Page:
With issues around the collection and handling of personal data becoming the focus of increased scrutiny among regulators, policymakers, and consumers, interest has continued to grow among organizations to better understand and address privacy risk. Seeking to support innovation in the market and to accommodate the increasingly global nature of data processing ecosystems, the National Institute of Standards and Technology (“NIST”) released Version 1.0 of the NIST Privacy Framework: A Tool for Improving Privacy through Enterprise Risk Management (“NIST Privacy Framework”) on January 16, 2020. The recent publication aims to outline an adaptable approach to privacy risk for organizations of all sizes by providing a “framework for privacy management, not just a checklist of tasks.”
The NIST Privacy Framework is a voluntary tool intended to assist organizations in managing privacy risks that may arise due to system, product, or service operations that involve personal data, or in connection to new regulatory regimes such as the California Consumer Privacy Act (“CCPA”) and the European Union’s General Data Protection Regulation (“GDPR”). As noted in the Executive Summary, the NIST Privacy Framework is intended to “enable better privacy engineering practices that support privacy by design concepts and help organizations protect individuals’ privacy.” Notably, the Federal Trade Commission (“FTC”), recognized by many as the U.S. government’s top privacy watchdog, had applauded the preliminary draft of the NIST Privacy Framework in Fall 2019 – indicating that the finalized publication could potentially serve as a credible benchmark for organizations seeking to address privacy risk across the data processing lifecycle.
The U.S. Securities and Exchange Commission’s (SEC) Office of Compliance Inspections and Examinations (OCIE) and the Financial Industry Regulatory Authority (FINRA) recently published their examination priorities (together, the Examination Priorities) for the 2020 calendar year.1 In general, the 2020 Examination Priorities continue recurring themes from recent prior years.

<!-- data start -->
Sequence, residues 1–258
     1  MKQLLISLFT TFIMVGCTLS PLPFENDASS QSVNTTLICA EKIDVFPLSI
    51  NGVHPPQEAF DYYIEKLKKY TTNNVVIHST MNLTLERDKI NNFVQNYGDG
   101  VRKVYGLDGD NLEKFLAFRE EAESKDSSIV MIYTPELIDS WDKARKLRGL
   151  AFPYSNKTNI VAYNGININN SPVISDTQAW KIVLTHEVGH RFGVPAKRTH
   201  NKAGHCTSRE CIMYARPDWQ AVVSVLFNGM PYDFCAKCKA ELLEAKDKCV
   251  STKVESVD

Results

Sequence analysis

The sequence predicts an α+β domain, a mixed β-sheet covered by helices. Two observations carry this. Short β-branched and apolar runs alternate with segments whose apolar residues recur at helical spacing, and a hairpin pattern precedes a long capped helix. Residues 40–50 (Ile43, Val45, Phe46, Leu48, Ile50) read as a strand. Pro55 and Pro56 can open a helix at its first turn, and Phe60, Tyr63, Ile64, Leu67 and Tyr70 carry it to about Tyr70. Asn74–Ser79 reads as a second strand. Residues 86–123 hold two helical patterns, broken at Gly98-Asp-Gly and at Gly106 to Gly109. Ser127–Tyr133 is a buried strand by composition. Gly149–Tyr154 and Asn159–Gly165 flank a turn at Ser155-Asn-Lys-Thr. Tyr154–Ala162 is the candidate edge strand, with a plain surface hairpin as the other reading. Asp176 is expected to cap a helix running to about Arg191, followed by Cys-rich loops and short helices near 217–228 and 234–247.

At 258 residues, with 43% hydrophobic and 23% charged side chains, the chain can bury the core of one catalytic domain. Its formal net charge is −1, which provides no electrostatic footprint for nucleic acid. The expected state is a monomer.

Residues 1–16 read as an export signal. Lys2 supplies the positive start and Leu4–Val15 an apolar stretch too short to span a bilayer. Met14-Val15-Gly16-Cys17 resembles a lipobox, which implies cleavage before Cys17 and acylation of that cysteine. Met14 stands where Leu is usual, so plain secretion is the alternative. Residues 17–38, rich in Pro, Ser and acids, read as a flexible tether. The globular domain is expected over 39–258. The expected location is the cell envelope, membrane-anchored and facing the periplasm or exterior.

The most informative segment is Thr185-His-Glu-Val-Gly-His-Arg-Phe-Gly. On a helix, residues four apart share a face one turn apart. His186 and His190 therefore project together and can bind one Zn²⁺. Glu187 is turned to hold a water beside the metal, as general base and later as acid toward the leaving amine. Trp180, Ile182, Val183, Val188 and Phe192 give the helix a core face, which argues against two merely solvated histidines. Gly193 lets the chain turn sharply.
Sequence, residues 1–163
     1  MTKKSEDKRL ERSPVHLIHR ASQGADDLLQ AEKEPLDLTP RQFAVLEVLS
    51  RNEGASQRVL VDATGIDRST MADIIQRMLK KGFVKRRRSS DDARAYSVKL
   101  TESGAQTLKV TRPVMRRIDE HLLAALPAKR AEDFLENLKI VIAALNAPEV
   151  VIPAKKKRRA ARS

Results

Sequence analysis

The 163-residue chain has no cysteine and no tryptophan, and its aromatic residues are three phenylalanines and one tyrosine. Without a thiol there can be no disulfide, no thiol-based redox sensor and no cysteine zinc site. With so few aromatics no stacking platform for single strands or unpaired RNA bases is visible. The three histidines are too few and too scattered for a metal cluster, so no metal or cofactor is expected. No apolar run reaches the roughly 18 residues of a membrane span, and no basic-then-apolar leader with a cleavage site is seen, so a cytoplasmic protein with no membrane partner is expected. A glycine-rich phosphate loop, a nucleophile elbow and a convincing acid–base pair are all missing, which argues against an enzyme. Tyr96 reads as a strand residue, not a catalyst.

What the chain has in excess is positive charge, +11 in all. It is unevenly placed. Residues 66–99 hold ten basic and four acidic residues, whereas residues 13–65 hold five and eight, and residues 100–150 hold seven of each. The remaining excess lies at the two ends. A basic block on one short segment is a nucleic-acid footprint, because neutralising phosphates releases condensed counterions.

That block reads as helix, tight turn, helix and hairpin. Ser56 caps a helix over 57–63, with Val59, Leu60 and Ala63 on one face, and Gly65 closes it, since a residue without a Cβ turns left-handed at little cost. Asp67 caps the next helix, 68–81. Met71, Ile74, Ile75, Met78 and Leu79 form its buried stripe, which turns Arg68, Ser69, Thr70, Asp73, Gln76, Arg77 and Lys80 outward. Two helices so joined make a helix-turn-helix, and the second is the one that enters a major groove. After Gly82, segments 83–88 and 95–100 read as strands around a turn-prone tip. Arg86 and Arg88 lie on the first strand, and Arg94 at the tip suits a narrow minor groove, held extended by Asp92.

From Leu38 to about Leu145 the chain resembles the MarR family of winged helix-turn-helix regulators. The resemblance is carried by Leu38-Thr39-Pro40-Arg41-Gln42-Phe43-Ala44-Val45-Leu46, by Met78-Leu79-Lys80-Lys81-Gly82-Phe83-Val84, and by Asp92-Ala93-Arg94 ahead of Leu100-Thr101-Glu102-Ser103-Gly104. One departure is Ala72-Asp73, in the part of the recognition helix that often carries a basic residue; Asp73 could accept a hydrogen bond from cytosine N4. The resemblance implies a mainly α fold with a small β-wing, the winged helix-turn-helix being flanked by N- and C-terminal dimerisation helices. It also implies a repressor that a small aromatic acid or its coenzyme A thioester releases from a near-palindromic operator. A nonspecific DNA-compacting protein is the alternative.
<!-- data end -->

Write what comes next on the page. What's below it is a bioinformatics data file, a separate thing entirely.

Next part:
OCIE’s 2020 Examination Priorities for broker-dealers and investment advisers include the protection of retail investors (including compliance with new standard of care requirements and interpretations), cyber and information security risks, anti-money laundering compliance, firms engaging in the digital asset space and the provision of electronic investment advice.
FINRA’s 2020 Examination Priorities for member firms include those generally identified by OCIE for registered broker-dealers, as well as cash management and bank sweep programs, initial public offerings, liquidity management, trading authorizations and order routing and vendor display rule requirements, among others.
This post summarizes selected aspects of the Examination Priorities that may be of particular interest to broker-dealers and investment advisers. As always, firms should use the 2020 Examination Priorities to review their compliance and supervisory procedures carefully and make any necessary revisions. Firms also should be prepared to explain their compliance and supervisory policies in these areas in their upcoming SEC and/or FINRA examinations, as applicable, and provide documentation of relevant reviews.